Posted 29 сентября 2021,, 14:50

Published 29 сентября 2021,, 14:50

Modified 24 декабря 2022,, 22:36

Updated 24 декабря 2022,, 22:36

People with disabilities are outraged by the new episode of Bondiana

People with disabilities are outraged by the new episode of Bondiana

29 сентября 2021, 14:50
Фото: Daily Express
In the film about agent 007 "No Time to Die", which premiered yesterday, two villains "marked" with physical deformities appear. Activists from organizations that support people with disabilities have called the technique outdated.
Disabled people

Facial scars are common in movie villains, including in Bond films. In "Golden Eye" there was a mutilated Alec Trevelyan (Sean Bean), in "Coordinates of Skyfall" - Raul Silva (Javier Bardem) with a deformed jaw, in "Casino Royale" - Le Chiffre (Mads Mikkelsen) with a disfigured eye. In the new Bond series, this company was joined by the villainous freaks Safin (Rami Malek) and Blofeld (Christoph Waltz).

After the premiere, activists of support organizations for people with disabilities made statements about the practice, reports Insider.

Actress and human rights activist Jen Campbell tweeted: “Every time a new James Bond movie is shot, producers are asked to reconsider their perception of ugliness. Every time they say they don't care. The new movie released this week is no exception. This time - two villains with disfigured faces. We were lucky (...) And after all, the technique "ugliness and disability = villainy" is not limited to Bondiana. There are also horror films, comics, children's books... It's everywhere".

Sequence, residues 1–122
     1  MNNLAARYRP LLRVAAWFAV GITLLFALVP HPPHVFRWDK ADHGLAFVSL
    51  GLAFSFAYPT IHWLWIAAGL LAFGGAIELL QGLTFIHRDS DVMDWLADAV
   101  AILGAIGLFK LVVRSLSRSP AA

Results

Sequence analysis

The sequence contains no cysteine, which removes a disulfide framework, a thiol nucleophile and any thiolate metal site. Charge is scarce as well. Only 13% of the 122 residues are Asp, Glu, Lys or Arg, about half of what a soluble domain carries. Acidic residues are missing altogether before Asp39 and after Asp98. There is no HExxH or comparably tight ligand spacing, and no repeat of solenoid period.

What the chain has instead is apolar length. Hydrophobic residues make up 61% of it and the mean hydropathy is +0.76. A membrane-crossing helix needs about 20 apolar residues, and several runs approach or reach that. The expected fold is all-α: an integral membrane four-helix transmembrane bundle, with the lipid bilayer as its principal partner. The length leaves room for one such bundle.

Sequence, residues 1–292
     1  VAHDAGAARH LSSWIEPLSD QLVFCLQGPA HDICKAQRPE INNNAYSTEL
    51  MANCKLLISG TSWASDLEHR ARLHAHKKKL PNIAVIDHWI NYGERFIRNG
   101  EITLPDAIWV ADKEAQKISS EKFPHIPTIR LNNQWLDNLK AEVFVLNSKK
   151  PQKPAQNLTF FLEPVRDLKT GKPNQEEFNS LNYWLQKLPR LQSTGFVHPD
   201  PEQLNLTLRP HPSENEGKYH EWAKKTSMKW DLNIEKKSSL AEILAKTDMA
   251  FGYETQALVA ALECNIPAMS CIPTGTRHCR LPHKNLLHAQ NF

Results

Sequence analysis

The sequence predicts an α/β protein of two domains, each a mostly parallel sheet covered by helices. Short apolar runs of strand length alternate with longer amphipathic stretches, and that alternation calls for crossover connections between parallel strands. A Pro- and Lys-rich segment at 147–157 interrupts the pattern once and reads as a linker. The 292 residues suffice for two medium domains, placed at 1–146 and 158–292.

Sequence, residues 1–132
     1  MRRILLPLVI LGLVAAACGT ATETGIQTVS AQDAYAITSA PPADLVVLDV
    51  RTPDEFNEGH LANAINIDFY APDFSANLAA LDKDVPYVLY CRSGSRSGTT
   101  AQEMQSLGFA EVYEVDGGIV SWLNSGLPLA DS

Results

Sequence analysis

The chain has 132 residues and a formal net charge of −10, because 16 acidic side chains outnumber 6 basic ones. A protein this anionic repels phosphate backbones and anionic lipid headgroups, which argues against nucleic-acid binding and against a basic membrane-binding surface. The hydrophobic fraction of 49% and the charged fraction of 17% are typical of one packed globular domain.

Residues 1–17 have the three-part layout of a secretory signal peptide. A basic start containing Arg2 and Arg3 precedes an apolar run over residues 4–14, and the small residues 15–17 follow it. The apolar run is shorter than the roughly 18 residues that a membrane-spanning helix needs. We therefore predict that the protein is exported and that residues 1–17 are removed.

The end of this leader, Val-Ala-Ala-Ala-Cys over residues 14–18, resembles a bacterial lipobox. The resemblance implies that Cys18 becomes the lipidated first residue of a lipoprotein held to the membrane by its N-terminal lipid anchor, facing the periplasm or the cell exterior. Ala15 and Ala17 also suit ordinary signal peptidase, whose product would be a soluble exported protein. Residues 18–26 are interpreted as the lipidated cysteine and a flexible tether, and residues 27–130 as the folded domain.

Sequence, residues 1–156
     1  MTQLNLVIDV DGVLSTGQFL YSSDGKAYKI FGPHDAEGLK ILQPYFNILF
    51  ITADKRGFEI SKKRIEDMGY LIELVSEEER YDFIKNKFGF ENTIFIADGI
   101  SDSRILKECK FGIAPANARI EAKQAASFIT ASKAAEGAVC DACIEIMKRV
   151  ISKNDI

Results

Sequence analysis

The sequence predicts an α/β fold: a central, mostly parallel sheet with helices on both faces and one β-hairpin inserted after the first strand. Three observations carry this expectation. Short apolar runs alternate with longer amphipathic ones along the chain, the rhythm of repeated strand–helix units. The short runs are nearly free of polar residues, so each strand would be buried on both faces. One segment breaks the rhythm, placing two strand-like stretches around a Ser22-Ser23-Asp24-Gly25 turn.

The film's producer, Michael G. Wilson, has in the past defended the use of the trick: “Sometimes it is the factor that determines why they became what they became,” and also reminded of the tradition that many of the brightest movie villains are marked with scars. For example, Darth Vader in Star Wars, Joker in The Dark Knight, Freddy Krueger in A Nightmare on Elm Street, etc. etc.

However, for example, the British Film Institute (BFI) announced in 2018 that it would stop funding films that would use this metaphor. This decision was influenced by the “I'm Not Your Villain” campaign run by the handicapped organization “Changing Faces”.